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Tuesday, September 26, 2023

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Progressives call push to change Constitution "risky," Judge rules Donald Trump defrauded banks, insurers while building real estate empire; new report compares ways NY can get cleaner air, help disadvantaged communities.

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House Speaker McCarthy aims to pin a shutdown on White House border policies, President Biden joins a Detroit auto workers picket line and the Supreme Court again tells Alabama to redraw Congressional districts for Black voters.

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An Indigenous project in South Dakota seeks to protect tribal data sovereignty, advocates in North Carolina are pushing back against attacks on public schools, and Arkansas wants the hungriest to have access to more fruits and veggies.

Michigan Tribes, Others File Grievance With UN Over Line 5 Project

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Monday, April 17, 2023   

Representatives of 51 tribes and First Nations have presented a demand to the United Nations to call on Canada to end its support for the Enbridge Line 5 oil pipeline.

In a petition to the U.N. Human Rights Council, the coalition claims the pipeline is a threat to the human rights of front line Indigenous communities and to the environment. It claims the tribes and entities of the U.S. government have agreed to talks, to settle the dispute. Still, Canada has consistently invoked a 1977 pipeline treaty, blocking any meaningful progress.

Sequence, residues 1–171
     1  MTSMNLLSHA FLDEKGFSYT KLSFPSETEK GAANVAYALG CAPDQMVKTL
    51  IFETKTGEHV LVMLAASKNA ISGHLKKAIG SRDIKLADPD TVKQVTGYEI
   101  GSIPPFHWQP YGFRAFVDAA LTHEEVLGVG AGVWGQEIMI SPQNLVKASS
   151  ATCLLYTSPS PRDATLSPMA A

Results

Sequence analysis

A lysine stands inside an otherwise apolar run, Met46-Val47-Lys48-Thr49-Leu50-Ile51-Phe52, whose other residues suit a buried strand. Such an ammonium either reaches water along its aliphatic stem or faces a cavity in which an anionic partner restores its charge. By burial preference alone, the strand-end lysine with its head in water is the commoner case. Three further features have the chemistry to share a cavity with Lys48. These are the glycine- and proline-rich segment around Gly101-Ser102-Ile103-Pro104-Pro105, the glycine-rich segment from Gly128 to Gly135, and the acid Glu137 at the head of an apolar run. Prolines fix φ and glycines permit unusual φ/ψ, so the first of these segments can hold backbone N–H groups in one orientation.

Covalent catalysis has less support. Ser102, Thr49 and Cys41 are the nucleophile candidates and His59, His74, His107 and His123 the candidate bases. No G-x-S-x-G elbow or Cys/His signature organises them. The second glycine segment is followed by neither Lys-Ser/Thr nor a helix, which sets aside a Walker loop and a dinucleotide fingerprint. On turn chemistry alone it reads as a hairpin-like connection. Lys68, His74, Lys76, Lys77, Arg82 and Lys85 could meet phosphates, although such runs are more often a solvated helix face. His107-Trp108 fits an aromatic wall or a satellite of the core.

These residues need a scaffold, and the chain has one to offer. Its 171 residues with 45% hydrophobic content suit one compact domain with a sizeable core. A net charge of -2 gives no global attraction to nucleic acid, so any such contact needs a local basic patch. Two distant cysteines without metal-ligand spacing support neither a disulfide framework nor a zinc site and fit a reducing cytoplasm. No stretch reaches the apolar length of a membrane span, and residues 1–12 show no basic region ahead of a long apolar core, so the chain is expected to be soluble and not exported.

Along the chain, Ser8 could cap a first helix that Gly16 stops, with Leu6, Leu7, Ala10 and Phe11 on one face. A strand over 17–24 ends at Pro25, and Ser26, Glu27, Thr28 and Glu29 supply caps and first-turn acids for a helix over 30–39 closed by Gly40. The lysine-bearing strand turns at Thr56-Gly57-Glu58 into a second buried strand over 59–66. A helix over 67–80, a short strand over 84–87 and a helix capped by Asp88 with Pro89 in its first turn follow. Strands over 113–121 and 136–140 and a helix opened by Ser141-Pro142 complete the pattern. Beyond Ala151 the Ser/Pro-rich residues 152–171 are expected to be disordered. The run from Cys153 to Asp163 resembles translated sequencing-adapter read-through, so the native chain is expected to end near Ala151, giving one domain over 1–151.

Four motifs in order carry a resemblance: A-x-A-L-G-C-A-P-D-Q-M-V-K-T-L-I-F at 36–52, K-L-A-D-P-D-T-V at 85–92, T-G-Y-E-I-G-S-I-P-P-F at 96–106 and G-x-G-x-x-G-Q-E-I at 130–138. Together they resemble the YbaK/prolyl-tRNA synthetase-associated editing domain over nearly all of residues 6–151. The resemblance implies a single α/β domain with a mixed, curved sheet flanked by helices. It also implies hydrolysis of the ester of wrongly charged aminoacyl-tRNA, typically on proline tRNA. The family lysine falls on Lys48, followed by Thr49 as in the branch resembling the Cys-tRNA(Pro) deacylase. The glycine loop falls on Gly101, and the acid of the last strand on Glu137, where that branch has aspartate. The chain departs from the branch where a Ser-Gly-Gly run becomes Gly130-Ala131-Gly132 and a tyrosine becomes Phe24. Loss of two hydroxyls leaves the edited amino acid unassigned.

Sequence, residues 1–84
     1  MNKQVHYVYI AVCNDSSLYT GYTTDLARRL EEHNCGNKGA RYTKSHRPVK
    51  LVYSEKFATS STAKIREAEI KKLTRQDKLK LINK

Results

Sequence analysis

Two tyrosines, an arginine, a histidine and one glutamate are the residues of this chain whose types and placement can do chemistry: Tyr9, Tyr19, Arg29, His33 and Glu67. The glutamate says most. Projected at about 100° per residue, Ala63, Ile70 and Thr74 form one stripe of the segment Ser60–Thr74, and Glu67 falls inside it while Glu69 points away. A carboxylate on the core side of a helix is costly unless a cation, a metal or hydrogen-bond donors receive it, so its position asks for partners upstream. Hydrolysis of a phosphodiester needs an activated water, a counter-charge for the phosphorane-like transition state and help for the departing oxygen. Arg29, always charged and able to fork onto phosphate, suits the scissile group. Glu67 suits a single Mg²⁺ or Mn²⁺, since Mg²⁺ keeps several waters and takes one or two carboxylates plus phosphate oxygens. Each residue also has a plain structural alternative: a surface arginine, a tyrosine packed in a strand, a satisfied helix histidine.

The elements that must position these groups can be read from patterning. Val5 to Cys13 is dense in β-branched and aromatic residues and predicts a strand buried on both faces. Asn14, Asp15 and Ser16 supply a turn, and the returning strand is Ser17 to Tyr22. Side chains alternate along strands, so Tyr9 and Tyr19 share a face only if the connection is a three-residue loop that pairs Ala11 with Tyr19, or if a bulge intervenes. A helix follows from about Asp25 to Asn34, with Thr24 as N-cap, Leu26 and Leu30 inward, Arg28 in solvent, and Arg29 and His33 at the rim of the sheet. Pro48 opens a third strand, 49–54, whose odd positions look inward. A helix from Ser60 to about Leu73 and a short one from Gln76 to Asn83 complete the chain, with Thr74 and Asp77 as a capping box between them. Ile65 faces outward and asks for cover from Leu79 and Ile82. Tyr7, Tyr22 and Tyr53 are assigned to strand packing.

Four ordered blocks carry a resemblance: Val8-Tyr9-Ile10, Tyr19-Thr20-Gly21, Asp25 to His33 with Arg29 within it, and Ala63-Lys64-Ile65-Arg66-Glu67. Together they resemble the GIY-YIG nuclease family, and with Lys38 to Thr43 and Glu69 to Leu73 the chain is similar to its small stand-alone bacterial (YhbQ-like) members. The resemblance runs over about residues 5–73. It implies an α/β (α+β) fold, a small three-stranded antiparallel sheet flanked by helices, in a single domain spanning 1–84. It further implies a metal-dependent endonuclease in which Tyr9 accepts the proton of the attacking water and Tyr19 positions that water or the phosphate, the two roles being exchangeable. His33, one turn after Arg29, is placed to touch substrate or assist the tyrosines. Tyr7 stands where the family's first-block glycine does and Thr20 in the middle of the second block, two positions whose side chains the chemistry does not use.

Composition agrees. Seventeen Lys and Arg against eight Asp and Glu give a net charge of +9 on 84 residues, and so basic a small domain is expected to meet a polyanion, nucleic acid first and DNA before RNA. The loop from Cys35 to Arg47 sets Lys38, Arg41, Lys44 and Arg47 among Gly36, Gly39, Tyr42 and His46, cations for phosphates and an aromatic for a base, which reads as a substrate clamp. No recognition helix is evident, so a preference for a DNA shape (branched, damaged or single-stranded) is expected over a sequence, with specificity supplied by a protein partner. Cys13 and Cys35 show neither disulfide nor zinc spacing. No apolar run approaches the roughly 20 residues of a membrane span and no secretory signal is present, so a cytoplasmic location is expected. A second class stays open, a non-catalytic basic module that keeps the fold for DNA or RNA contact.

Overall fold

Whitney Gravelle, president of the Bay Mills Indian Community, said it is about maintaining their sovereignty.

"Ultimately, the reason we're involved is in order to protect the future of not only the state of Michigan and the water quality of the Great Lakes," Gravelle pointed out. "But also to continue to protect the future of our Indigenous lifeways."

Line 5 moves crude oil from Canada to Michigan underneath the Straits of Mackinac. The controversial project has been the target of multiple environmental groups and tribes over concern a spill could pollute much of the Great Lakes. A request to the Canadian Foreign Ministry seeking comment was not returned.

Gravelle noted this week, representatives of the coalition will travel to New York City to present their grievances to the U.N. Permanent Forum on the Rights of Indigenous People, which oversees treaty disputes.

"When that treaty was negotiated, our ancestors at the time decided to cede 14 million acres of land and 13 million acres of water in exchange for the preservation of treaty rights," Gravelle explained.

She added tribes and First Nations have grown weary of trying to get Canada to live up to its obligations, and hopes the United Nations can intervene and move the parties toward a settlement.

"The government of Canada is really speaking with two faces," Gravelle contended. "On one hand, they are intervening in domestic litigation to support Enbridge Energy. They are delaying the court proceedings from being able to be adjudicated. We are suffering harm as a result."


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